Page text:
In April 2016, Kuli Kuli co-founders Lisa, Valerie, and Jordan, and a small group of supporters travelled to Haiti. Our goal: get to know the people who are directly affected by Kuli Kuli’s investment in Haitian moringa, and better understand how our partnership with the Smallholder Farmers’ Alliance (SFA) enables economic empowerment through moringa purchasing and social development programs. Before heading into the rural communities where our moringa is farmed, we stopped by Jaden Tap Tap in Port-au-Prince (Haiti’s capital). Below, the first of a two-part series about our trip.
- Leigh Biddlecome
Sitting under the shade of fluttering moringa leaves, it’s hard to believe that we’re on top of a former landfill, surrounded by the largest slum in the Western Hemisphere (Cité Soleil, Port-au-Prince). And this is precisely the mind-bending power of Jaden Tap Tap — an urban garden providing a safe haven of sports, tutoring, and environmental education for children within the community, a respite from the difficulties that are just outside its doors.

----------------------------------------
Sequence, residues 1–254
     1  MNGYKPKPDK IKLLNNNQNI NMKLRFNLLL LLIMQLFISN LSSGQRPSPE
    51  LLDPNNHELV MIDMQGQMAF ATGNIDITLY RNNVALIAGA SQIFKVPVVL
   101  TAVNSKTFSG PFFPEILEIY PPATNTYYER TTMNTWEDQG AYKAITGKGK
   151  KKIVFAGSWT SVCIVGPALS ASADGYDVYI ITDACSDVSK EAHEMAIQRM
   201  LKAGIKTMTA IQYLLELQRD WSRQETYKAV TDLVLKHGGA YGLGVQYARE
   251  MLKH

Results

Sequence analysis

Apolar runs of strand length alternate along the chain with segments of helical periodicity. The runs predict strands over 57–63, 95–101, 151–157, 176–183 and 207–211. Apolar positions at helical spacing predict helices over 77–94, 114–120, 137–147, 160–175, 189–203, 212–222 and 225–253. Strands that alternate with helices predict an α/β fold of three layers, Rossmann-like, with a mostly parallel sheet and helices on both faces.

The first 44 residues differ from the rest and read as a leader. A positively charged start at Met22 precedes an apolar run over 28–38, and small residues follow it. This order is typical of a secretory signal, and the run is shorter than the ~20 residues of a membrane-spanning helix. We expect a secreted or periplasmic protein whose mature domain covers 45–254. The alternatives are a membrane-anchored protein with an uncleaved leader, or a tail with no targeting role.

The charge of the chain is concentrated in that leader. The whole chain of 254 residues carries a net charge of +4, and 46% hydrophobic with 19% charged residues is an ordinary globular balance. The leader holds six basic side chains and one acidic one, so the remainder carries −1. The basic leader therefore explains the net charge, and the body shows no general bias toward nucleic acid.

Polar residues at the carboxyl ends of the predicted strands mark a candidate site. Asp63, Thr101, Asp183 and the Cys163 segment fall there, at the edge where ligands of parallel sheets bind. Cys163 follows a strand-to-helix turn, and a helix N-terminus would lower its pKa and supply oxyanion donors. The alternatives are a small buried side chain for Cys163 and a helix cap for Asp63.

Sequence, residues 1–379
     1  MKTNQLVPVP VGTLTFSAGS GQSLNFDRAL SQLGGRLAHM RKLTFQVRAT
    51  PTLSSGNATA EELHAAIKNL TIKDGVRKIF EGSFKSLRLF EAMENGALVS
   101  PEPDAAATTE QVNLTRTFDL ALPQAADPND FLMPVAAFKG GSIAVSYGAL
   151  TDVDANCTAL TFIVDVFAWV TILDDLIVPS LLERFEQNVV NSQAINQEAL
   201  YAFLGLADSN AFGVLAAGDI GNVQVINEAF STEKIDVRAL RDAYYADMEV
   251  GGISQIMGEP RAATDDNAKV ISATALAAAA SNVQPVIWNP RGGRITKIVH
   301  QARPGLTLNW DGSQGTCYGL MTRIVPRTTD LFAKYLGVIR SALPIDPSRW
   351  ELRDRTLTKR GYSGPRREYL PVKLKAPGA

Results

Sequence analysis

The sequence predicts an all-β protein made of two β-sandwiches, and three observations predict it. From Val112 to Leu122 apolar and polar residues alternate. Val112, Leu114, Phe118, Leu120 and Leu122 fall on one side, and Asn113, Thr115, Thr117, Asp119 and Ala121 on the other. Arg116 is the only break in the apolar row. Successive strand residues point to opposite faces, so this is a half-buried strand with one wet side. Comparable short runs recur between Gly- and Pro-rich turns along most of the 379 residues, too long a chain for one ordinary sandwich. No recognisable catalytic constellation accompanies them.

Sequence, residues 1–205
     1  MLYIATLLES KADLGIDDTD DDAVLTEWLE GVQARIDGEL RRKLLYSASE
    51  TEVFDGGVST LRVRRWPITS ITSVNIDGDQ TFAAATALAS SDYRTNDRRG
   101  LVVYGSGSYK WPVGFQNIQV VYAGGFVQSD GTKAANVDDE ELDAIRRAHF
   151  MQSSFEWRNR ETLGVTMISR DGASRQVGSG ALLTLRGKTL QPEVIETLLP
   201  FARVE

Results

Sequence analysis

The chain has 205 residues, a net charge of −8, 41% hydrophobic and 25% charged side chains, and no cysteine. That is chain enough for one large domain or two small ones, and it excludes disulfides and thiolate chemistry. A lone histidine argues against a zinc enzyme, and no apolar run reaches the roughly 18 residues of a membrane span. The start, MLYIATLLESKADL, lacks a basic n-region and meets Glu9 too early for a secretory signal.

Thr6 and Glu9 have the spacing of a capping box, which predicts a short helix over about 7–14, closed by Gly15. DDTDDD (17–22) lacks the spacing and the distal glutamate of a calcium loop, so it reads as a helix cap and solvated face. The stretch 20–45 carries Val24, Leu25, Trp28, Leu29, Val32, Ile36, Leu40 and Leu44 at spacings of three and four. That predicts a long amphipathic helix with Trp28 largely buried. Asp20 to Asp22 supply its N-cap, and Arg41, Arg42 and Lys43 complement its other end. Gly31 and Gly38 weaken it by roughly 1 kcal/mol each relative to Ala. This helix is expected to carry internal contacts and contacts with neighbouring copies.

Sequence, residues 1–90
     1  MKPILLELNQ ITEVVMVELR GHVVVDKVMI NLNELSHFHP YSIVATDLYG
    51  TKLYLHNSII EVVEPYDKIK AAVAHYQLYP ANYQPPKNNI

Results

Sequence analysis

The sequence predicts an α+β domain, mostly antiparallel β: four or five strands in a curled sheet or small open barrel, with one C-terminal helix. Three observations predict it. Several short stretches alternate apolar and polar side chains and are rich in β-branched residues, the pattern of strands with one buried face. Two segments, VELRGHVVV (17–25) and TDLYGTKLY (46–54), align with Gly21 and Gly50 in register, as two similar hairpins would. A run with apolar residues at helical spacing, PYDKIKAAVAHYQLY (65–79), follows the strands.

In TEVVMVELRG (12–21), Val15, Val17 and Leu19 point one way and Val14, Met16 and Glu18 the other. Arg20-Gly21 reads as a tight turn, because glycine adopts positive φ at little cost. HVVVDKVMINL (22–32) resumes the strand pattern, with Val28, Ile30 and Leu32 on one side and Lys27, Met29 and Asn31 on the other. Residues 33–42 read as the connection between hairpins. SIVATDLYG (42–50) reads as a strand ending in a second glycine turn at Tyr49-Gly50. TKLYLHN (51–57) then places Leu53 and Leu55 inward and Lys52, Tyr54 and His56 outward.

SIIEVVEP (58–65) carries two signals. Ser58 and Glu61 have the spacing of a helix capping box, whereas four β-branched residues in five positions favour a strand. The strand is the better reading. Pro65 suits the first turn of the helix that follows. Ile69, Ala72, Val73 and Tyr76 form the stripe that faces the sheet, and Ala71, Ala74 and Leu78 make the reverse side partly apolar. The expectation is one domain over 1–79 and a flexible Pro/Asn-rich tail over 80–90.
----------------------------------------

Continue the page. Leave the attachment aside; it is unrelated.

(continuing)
Our visit was part of a wider effort on the trip to understand how Haitians are using moringa not only to boost nutrition but as an agent of change within communities. Walking through the gates, we were greeted with a warm welcome by the charismatic director Daniel Tillias. Behind him, a dozen boys were running soccer drills. Moving over to the garden side, we passed a few children who knelt amongst the moringa seedlings, carefully weeding; across from them, young moringa trees grew out of a cluster of repurposed car tires; in the midst of the garden, a blackboard had been placed in the shade, marked up with evidence of that afternoon’s math lesson.